Madhouse (1974)

three star

campstamp

One of the most depressing questions I encounter in everyday conversation is “Who is Vincent Price?” It comes up more often than you’d expect. I got it when I dressed as Price’s version of The Red Death last Mardi Gras. I got it when I was working at a movie theater with a bunch of skateboarding goofballs over the past year. It’s far from cool of me to have Kids These Days moments like this when I’m still just shy of 30, but what is the deal with kids these days anyways?  What are they teaching these whippersnappers in school? Surely there’s room in the curriculum for a little Vincent Price 101. Also, I remember the days when Vincent Price movies cost half a nickel and get off my lawn.

Madhouse would be far from my first choice for titles to show the young & curious who Vincent Price was, but it is an interesting addition to the horror giant’s resume because it’s explicitly about his own celebrity. Basically playing a fictionalized version of himself, Price appears here as the aging star of a horror series centered on the wicked Dr. Death. Relying on old clips mostly pulled from Price’s collaborations with Roger Corman in the B-movie legend‘s infamous Poe Cycle (which shared a producer in Madhouse‘s Sam Arkoff, naturally) the meta horror of this film is a little weak in that it constantly reminds you of the superior work Price made in his heyday. There’s a lot of interesting details in the film’s set-up, including Hollywood satire & the idea of a masked killer framing the “real” Dr. Death by recreating kills from his various films, but that novelty eventually wears off (in favor of a Brannigan-esque trip to London) and large stretches of the movie ultimately feel punishingly dull. Anyone with a vested interest in Vincent Price’s career (or meta horror in general) might get a kick out of Madhouse, but that appeal is unlikely to be universal.

That’s not to say that the film is stylistically lacking. Madhouse seems to intentionally ape the style over substance mentality of the giallo genre, even daring to lift images directly from the works of folks like Dario Argento & Mario Bava. A gloved hand enters from off screen wielding a shiny knife intended to slash a young woman down. The faceless mannequins of Blood & Black Lace appear for an odd jump scare. A trench coat, fedora, and mask combo shroud the identity of the killer to make for a sort of murder mystery where the murder is obviously more important that the mystery. Like the giallo it mimics, Madhouse exists as a sort of proto-slasher that would predict many horror trends of the late 70s & 80s to follow. It’s just unfortunate that the space between the kills feels so dull, especially once the Hollywood satire & meta horror fade to the background.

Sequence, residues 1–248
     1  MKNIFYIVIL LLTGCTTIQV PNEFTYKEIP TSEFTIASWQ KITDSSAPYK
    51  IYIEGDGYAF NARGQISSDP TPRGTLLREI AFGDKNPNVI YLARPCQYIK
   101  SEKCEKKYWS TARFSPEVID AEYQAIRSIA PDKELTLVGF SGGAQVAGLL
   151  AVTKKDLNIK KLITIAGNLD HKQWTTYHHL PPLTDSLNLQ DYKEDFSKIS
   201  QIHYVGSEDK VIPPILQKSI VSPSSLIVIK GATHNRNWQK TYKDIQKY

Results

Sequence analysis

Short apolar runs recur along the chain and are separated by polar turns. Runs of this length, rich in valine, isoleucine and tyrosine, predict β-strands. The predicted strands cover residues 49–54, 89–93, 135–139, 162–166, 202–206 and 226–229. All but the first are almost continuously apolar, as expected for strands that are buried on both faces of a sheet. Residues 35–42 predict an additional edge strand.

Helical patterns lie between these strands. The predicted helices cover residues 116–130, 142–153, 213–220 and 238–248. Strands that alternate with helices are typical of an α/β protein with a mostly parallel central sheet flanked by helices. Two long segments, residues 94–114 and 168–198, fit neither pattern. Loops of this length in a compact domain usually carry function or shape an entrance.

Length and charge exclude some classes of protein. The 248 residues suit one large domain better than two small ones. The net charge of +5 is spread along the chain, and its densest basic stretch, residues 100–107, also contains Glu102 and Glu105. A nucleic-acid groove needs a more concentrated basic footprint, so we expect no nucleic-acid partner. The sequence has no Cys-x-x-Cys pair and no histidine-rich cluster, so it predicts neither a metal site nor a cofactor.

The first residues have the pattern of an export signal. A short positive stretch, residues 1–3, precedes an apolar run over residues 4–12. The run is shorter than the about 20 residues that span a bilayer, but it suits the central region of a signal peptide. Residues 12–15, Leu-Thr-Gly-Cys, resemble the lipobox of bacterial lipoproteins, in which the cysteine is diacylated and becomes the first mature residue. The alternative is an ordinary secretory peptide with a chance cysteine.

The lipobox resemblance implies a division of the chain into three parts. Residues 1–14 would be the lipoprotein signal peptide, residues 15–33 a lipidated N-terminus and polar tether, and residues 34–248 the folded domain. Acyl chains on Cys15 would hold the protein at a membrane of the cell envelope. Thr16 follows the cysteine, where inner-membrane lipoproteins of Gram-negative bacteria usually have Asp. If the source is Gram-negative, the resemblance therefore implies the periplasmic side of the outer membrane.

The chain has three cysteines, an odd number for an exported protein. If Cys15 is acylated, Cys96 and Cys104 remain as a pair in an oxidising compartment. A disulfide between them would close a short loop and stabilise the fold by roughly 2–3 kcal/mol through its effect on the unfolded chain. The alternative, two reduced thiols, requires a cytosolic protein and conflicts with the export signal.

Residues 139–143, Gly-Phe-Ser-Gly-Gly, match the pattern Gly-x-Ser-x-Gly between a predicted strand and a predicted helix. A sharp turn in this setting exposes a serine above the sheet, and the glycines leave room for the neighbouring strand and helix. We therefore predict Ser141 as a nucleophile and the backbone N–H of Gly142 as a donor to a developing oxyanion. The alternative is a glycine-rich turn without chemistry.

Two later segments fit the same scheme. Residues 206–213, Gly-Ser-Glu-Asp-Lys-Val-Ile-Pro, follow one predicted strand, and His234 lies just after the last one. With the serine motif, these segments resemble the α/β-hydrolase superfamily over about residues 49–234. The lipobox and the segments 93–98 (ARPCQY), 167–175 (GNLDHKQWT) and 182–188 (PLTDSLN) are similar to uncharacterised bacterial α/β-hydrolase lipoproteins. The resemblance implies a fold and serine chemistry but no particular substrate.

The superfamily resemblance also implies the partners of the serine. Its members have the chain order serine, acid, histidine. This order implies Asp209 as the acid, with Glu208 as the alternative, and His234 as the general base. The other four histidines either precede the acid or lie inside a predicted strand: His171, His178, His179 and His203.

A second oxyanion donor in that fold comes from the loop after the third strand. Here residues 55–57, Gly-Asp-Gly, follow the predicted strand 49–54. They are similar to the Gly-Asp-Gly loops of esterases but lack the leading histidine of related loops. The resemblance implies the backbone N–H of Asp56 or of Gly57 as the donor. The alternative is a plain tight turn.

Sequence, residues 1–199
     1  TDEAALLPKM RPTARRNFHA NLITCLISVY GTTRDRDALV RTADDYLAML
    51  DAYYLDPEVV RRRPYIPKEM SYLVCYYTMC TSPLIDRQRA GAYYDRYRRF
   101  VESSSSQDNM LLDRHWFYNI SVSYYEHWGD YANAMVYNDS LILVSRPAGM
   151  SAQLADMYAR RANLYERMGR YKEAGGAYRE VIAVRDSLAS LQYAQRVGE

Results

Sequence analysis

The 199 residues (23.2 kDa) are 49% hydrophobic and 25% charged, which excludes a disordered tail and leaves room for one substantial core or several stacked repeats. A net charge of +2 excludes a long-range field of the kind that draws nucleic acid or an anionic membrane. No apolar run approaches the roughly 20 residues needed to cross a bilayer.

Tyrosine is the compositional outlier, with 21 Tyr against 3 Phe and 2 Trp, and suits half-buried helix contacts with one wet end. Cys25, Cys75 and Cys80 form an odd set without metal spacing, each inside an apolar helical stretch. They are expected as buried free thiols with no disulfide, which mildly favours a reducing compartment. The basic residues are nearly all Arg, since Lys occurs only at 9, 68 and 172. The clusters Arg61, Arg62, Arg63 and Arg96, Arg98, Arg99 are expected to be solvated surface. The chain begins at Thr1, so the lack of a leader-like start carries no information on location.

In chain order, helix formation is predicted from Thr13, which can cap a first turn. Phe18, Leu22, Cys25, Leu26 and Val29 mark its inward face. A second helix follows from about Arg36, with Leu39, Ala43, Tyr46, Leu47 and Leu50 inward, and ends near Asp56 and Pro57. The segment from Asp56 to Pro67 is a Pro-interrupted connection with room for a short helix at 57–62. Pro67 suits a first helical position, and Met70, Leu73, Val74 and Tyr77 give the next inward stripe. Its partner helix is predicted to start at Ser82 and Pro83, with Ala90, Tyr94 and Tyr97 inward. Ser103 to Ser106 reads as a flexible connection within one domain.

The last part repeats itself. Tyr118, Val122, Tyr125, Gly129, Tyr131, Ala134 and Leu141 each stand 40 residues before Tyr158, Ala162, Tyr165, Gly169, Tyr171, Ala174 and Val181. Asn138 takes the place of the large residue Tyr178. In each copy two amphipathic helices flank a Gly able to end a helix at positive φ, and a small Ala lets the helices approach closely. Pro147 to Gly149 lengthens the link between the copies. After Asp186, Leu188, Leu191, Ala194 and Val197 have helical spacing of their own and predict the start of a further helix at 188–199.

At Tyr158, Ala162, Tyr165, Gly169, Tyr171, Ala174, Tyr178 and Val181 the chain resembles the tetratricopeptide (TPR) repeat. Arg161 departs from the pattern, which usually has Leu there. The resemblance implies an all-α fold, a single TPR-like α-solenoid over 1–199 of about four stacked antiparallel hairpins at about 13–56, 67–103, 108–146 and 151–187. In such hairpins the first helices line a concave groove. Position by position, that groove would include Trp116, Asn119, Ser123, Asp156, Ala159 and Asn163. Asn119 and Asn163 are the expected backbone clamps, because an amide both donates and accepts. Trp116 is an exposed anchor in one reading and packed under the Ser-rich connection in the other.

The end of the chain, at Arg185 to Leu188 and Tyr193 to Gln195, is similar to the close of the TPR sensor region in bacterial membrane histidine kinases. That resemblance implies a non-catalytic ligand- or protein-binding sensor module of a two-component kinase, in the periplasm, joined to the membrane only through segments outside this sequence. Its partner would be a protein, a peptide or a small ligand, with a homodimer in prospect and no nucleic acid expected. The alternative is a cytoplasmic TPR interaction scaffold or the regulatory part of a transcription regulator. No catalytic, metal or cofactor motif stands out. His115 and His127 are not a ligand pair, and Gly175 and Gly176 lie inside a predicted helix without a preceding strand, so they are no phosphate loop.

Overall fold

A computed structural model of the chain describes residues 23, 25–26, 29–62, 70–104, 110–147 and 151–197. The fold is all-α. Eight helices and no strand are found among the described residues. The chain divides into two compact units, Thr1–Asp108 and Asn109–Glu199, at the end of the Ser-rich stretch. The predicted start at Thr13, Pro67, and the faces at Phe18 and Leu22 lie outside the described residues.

As much as I feel deeply dispirited when one of These Damn Millenials™ doesn’t know who Vincent Price is by name, here’s where I have to admit that I don’t know much of anything about the actor outside his onscreen roles. For instance, I always assumed that he was exclusively homosexual, based mostly on his campy, fey way of performing. Although a public ally to the gay community, Price apparently was married to several women & fathered multiple children. As a fan not previously in the know about this aspect of his personal life, my favorite parts of Madhouse were the ones showing Price’s fictional surrogate interacting with women, who are driven absolutely mad with lust for him. At the beginning of the film he’s depicted as an aging, wealthy actor engaged to marry a young porn star. Late in the proceedings he develops a weird sort of domesticity with an insane woman who raises hordes of spiders as her “babies”. In between these connections there’s several young groupies fighting for the chance to be near him. What’s odd about this is aspect is the way the film criticizes the film industry’s misogyny problem while also participating in it (as most slashers do by nature). In one breath Madhouse will criticize the way young women are left by the wayside at the wrong end of slut-shaming or mere aging. In the next the film will follow that sentiment up with wonderfully bitchy exchanges like “You scared the pants off me.” “Who hasn’t?” It’s an uncomfortably compromised balance, but it does reveal aspects of Price’s personality/sexuality that I was previously unaware of, a detail I appreciated greatly.

I enjoyed Madhouse well enough as a silly little meta horror with taglines like “Lights, Camera, Murder” & as a reflection of who Vincent Price was as an oddball celebrity, but I don’t think the film would hold the same level of interest for those not already predisposed to enjoy the actor’s work/aesthetic. For folks seeking a better introduction I’d recommend checking out pretty much any one of the Roger Corman classics this film tries to pass off as Dr. Death flicks (except for maybe the incomprehensibly inept The Raven; yikes!). The man had a massively impressive career with dozens of titles that help define the best classic horror has to offer as a genre. Unfortunately, Madhouse is more of a distant echo of those works than an active participant, interesting context or not.

-Brandon Ledet

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2 thoughts on “Madhouse (1974)

  1. Pingback: Frightmare (1983) | Swampflix

  2. Pingback: When Corman Taught Bogdanovich How to Mine the Past | Swampflix

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